Skills

American versus British English spelling

Cristina Cabal

Cristina Cabal has been teaching English to adult learners since 1991 and runs her own blog. She loves bringing interactivity into the classroom and she will be sharing some of these quizzes with us over the next few months. In this post, she sets the challenge of American versus British English spelling.

Is it British or American Spelling?

American English or British English – is it not the same language? Well, kind of!

The truth is that although it’s the same language and Brits and Americans, for the most part, have no problem understanding each other, for non-native speakers it’s a lot harder.

English for most learners is not an easy language to learn. To start, there are so many exceptions to pronunciation rules they are almost not worth learning. Also, the huge numbers of new words added to dictionaries make it almost impossible to keep up. Add to this the fact that, though English is spoken everywhere in the world, Brits and Americans use different terms to refer to the same things. So with that in mind, guessing whether a word is misspelled or it’s just American or British spelling is a nightmare.

Why is the spelling is sometimes different if it’s the same language?

There is probably a lot to say about it, but a key reason is because British English has tried for the most part to keep the spelling of the words it has borrowed from other countries. American English however has tried to adapt the spelling of these words to the way they are pronounced in English in an effort to make spelling easier. As Mark Twain once said: “Anyone who can only think of one way to spell a word obviously lacks imagination.”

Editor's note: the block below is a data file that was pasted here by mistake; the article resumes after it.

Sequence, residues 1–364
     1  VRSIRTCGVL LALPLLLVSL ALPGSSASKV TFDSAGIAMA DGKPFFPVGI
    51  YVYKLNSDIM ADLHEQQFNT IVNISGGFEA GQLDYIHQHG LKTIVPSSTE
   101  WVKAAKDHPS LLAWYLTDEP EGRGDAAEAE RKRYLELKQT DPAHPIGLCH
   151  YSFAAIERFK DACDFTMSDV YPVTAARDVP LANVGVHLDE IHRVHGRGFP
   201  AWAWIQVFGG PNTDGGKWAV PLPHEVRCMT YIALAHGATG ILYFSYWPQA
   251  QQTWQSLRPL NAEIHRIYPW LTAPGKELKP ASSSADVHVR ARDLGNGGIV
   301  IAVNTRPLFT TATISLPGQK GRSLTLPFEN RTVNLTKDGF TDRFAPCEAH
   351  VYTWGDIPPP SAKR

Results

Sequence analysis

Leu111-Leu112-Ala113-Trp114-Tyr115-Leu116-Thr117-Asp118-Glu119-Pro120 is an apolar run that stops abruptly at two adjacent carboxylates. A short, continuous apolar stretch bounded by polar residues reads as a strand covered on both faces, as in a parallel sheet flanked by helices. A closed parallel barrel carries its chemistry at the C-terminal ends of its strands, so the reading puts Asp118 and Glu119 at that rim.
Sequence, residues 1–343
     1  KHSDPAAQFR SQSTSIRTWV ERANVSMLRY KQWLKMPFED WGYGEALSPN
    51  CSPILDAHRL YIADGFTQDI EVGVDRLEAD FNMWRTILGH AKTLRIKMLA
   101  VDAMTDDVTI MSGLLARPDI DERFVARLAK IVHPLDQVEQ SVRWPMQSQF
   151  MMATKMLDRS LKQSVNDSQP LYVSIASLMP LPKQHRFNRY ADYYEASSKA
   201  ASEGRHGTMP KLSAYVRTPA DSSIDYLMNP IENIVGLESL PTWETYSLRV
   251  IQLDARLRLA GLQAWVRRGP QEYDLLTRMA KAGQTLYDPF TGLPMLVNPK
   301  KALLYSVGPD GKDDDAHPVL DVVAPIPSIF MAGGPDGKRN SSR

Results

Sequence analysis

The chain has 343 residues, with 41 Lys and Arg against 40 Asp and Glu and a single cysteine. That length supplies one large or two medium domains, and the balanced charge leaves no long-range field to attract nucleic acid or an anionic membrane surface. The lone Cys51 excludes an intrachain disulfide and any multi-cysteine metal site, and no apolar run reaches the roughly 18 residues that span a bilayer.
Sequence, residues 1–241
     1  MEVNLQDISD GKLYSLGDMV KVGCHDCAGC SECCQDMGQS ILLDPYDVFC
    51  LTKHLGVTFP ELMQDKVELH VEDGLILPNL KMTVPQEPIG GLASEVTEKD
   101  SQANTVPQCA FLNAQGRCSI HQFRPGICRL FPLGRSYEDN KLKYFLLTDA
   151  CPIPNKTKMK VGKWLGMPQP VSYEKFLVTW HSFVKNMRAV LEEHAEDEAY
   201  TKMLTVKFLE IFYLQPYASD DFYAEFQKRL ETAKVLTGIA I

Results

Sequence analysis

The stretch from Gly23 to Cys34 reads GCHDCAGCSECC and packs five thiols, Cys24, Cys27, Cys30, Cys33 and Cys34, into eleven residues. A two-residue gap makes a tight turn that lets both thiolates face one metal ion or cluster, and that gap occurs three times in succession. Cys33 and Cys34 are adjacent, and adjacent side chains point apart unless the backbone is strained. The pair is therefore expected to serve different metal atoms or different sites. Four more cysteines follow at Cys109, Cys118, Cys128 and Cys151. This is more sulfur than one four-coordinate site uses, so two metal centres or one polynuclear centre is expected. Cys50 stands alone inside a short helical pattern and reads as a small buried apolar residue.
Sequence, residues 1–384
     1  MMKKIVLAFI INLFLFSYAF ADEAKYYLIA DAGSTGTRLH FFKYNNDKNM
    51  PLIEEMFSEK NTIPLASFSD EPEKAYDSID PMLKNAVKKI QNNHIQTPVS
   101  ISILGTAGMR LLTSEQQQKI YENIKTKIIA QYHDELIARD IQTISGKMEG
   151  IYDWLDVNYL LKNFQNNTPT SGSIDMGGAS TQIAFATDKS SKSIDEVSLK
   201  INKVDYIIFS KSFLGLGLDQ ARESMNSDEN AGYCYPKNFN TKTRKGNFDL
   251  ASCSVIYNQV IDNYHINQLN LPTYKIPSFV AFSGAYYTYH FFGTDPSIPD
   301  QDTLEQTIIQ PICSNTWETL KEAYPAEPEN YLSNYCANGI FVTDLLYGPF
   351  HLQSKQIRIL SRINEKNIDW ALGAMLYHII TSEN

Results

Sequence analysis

What are some of the most important differences between British and American spelling?

1. A number of words ending in –our in British English usually end in –or in American English. For example:
colour | color
labour | labor

2. A number of words ending in –re in British English usually change to –er in American English. For example:
centre | center
litre | liter

3. Verbs ending in a vowel plus the consonant ‘l’, double the ‘l’ when adding endings beginning with a vowel in British English. In American English, meanwhile, the ‘l’ is not doubled. For example:
traveller | traveler
modelling | modeling

4. In British English, words ending in –ise or –isation can also be spelled –ize and –ization, while in American English only the –ize, -ization version is acceptable. For example:
realise | realize
apologise | apologize

5. Some words that in British English end in –ence, are spelled –ense in American English. For example:
defence | defense
licence | license

6. Words spelled with the double vowels oe or ae in British English are spelled with just an “e” in American English. For example:
foetus | fetus
anaemia | anemia

7. Words ending in –ogue in British English can end in either -ogue or –og in American English. For example
catalogue | catalog or catalogue

8. Verbs ending in –yse in British English are spelled –yze in American English. For example:
analyse | analyze
paralyse | paralyze

These are the some of the most important differences between British and American spelling, but there are a lot of words that are spelled differently in both languages and that don’t fit in any of the rules above. You’ll see some of these words in this little quiz which will also help you consolidate the rules above!

Are you up to it?
Tip: Remember that the American spelling tries to reflect the way the word is pronounced

Find more difference and similarities between American and British English in this article by Matt Norton on Americanisms in British English.


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